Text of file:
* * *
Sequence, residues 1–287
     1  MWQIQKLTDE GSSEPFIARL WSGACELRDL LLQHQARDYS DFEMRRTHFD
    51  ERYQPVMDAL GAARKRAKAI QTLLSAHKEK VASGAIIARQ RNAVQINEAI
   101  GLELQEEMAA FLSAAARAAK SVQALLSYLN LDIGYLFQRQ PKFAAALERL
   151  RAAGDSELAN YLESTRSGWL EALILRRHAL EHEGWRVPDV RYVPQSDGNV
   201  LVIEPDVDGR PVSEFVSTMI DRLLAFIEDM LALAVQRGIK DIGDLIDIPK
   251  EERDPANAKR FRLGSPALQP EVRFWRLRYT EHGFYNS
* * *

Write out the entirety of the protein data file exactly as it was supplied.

Sequence, residues 1–287
     1  MWQIQKLTDE GSSEPFIARL WSGACELRDL LLQHQARDYS DFEMRRTHFD
    51  ERYQPVMDAL GAARKRAKAI QTLLSAHKEK VASGAIIARQ RNAVQINEAI
   101  GLELQEEMAA FLSAAARAAK SVQALLSYLN LDIGYLFQRQ PKFAAALERL
   151  RAAGDSELAN YLESTRSGWL EALILRRHAL EHEGWRVPDV RYVPQSDGNV
   201  LVIEPDVDGR PVSEFVSTMI DRLLAFIEDM LALAVQRGIK DIGDLIDIPK
   251  EERDPANAKR FRLGSPALQP EVRFWRLRYT EHGFYNS